When French Egyptologist Olivier Perdu saw a fragment of a pharaonic statue on display in a Brussels gallery last year, he assumed it was a twin of an ancient masterpiece he had examined in Egypt a quarter of a century earlier.
The reality was an even more remarkable coincidence: the fragment was part of the very same artifact - a unique 6th century B.C. statue hewn from pale green stone - that Perdu had received special permission to study in Cairo in 1989.
The statue, a 29 cm-high (11 inches) representation of a man wearing a pharaonic headdress and holding a shrine to Osiris, the god of the afterlife, was smashed by looters who broke into the Cairo Museum during the 2011 uprising against Hosni Mubarak.
Its top portion had been missing since then.
"I was just astonished," Perdu told Reuters. "Through examining all the stains and irregularities I could conclude that it was indeed the same piece.
"What I had between my hands in Brussels was the object that I had studied in the Cairo museum in 1989."
Thanks to his chance encounter, the piece excavated in 1858 has found its way back to Egypt. Horrified to learn he had purchased a stolen artifact, the buyer offered to surrender it right away, Perdu said. It is now back in Cairo, where conservation experts have reunited it with the rest of the statue.
Antiquities theft has flourished in Egypt in the three years of chaos since the 2011 uprising, robbing this ancient civilization of an indeterminate amount of heritage stolen from museums, mosques, storage facilities, and illegal excavations.
A small group of government employees tasked with scouring the internet in search of stolen treasures put up for sale has seen its work increase dramatically following the antiquities crime wave that accompanied the political upheaval of 2011.
In a few cases, thanks to serendipity, experts have spotted Egyptian artifacts in auction houses and private collections in the West and worked for their repatriation.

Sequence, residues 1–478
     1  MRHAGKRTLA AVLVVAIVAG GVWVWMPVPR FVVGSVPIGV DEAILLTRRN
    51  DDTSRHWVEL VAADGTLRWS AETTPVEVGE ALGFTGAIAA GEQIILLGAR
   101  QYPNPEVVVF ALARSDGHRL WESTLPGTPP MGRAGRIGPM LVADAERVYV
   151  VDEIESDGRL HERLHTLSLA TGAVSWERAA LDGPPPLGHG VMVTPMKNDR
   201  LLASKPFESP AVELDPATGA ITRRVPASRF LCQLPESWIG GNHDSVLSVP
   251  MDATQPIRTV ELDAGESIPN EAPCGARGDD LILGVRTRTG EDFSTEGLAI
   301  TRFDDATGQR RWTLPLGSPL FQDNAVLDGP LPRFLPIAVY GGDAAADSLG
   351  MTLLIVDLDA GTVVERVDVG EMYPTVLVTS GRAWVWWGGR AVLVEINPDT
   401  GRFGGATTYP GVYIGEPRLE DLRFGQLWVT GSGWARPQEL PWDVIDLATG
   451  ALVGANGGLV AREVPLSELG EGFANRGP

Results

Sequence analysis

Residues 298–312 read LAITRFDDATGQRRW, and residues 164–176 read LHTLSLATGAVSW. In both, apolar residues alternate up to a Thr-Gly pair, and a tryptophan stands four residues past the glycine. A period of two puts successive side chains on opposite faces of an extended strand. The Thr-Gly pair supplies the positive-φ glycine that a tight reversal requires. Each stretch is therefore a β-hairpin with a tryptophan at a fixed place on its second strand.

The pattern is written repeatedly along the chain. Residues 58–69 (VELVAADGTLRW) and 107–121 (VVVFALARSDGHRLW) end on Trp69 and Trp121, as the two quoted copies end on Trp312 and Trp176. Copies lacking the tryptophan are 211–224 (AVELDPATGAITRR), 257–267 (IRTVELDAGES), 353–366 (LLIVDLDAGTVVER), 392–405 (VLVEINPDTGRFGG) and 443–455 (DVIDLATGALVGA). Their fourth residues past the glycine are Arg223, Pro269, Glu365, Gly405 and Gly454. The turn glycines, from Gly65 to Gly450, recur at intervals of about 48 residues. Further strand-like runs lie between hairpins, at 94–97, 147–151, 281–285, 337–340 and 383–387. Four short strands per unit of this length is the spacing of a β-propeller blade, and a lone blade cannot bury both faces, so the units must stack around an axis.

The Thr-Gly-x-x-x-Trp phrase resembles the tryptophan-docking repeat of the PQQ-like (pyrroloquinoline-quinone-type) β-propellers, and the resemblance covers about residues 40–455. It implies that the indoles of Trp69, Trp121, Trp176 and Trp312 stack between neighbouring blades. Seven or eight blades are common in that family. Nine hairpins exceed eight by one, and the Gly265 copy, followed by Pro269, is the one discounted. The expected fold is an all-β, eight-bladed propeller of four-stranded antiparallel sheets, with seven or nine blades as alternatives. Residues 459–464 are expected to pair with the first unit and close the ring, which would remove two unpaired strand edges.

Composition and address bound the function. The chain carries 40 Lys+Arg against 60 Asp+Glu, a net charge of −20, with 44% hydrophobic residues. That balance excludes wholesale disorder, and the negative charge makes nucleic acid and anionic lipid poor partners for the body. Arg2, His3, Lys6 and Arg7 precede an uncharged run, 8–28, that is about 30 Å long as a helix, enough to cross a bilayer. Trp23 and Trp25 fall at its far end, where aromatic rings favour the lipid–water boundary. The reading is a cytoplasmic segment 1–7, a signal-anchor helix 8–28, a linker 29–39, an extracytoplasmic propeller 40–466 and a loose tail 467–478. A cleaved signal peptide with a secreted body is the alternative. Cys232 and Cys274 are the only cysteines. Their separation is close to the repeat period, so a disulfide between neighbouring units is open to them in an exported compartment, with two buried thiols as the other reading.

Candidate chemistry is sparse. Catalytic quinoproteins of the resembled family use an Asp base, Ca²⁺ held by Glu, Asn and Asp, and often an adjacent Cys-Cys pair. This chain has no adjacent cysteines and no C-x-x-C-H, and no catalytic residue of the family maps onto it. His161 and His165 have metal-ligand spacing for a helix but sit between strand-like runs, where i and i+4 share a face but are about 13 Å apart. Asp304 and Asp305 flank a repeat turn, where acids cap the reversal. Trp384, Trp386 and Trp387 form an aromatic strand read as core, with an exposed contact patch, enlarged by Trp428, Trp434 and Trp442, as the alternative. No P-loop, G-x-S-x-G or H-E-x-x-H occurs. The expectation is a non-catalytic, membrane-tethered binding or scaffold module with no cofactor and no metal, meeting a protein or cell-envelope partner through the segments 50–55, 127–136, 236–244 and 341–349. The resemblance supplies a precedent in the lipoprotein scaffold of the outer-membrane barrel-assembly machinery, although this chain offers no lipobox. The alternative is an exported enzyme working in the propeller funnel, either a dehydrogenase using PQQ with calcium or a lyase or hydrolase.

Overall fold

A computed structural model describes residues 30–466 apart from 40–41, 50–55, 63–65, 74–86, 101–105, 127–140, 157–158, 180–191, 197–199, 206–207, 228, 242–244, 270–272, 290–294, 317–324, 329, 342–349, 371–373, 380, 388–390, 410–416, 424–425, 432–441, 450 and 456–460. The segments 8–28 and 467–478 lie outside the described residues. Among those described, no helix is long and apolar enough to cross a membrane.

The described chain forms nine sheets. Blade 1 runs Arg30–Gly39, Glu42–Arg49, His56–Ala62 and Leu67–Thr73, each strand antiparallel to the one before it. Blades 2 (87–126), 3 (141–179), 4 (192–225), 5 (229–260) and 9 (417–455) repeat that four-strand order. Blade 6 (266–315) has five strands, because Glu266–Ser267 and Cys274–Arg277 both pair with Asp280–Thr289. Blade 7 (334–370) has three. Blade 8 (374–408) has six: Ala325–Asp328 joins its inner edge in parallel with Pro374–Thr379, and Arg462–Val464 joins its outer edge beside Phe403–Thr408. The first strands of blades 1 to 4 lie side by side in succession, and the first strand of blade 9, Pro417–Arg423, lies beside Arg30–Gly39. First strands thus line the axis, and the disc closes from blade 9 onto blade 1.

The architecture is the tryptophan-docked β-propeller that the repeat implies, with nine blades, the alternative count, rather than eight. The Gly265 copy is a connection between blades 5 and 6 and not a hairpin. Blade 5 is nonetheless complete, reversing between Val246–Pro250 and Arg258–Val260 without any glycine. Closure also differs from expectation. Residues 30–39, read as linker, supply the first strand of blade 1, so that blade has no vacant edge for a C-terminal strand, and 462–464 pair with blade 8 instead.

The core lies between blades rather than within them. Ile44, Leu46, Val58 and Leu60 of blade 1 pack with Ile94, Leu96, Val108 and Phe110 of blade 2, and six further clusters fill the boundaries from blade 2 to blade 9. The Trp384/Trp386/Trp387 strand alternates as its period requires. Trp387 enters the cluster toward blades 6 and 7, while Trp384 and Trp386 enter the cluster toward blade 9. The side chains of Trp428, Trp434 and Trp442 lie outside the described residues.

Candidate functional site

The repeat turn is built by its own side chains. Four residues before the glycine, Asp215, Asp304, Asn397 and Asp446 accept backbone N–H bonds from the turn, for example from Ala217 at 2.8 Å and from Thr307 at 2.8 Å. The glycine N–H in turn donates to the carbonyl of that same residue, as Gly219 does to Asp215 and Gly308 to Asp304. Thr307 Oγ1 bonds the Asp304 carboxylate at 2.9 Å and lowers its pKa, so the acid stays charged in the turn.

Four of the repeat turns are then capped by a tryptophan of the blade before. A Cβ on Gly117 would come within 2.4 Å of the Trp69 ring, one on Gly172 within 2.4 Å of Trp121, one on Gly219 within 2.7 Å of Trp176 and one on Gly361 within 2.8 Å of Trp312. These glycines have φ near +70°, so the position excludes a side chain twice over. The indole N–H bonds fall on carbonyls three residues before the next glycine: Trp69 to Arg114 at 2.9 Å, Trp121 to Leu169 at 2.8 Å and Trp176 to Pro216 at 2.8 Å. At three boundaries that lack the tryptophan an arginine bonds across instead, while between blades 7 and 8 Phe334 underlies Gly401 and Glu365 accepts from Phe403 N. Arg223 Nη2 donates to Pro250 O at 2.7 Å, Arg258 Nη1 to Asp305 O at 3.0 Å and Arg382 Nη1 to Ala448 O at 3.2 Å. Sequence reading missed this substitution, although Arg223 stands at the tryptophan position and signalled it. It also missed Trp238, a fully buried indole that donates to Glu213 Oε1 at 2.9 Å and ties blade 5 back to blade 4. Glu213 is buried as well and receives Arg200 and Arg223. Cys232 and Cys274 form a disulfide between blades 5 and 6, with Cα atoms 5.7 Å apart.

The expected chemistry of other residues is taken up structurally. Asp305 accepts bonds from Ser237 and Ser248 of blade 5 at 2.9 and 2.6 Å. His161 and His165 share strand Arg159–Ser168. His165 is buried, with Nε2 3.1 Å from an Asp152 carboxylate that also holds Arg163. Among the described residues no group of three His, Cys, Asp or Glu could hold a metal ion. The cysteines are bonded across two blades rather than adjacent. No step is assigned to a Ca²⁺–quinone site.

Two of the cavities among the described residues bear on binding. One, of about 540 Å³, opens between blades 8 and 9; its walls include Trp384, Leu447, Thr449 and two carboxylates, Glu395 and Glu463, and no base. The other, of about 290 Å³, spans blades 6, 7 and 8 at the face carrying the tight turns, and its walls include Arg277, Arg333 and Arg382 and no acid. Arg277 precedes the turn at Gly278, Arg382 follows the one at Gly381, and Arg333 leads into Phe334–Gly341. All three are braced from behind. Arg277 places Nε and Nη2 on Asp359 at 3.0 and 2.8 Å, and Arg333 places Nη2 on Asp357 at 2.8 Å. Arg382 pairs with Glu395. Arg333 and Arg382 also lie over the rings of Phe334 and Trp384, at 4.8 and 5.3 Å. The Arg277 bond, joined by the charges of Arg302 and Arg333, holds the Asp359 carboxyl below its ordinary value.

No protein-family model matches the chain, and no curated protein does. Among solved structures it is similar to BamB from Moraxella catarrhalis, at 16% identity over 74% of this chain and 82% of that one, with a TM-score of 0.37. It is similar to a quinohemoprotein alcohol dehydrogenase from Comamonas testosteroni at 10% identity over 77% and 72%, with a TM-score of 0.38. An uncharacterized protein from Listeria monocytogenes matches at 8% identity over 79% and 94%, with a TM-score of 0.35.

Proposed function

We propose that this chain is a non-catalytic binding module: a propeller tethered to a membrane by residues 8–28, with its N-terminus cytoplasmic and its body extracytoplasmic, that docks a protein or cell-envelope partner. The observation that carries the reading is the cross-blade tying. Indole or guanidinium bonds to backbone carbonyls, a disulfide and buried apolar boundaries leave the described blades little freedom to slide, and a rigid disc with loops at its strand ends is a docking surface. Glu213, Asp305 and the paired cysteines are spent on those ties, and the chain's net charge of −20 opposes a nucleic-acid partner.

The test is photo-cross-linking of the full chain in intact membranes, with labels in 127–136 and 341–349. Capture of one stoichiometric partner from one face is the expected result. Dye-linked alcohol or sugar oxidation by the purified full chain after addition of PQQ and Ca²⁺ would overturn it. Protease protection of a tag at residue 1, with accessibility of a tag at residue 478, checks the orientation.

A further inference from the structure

But while Egypt has recovered about 1,400 artifacts to date, it faces a struggle to get back all that has been lost.
There is no record of just how many antiquities have gone missing. Many were taken from illegal digs, and there is no way to know that they even exist.
"Most of them are not registered, because they were excavated by criminal gangs, not by specialists," said Ahmed Sharaf, head of museums at Egypt's antiquities ministry.
Swathes of the desert are now pockmarked with unauthorized digs, where thieves have used shovels and backhoes in search of buried treasure. Some have even dug tunnels to break into untapped antiquities sites without attracting attention.
Though officials claim improved security is curbing the theft, pieces continue to go missing, even from well-guarded sites. Just this month, two ancient statues were stolen from a storage facility at Luxor temple in southern Egypt.
"In the last three years, the sale of stolen antiquities has flourished - inside Egypt and abroad," said Sharaf.
It's not just pharaonic artifacts that are being stolen.
Muslim rulers dating back to the seventh century left their mark on Egyptian architecture, and since 2011 thieves have torn decorative pieces out of mosques and other Islamic monuments in central Cairo.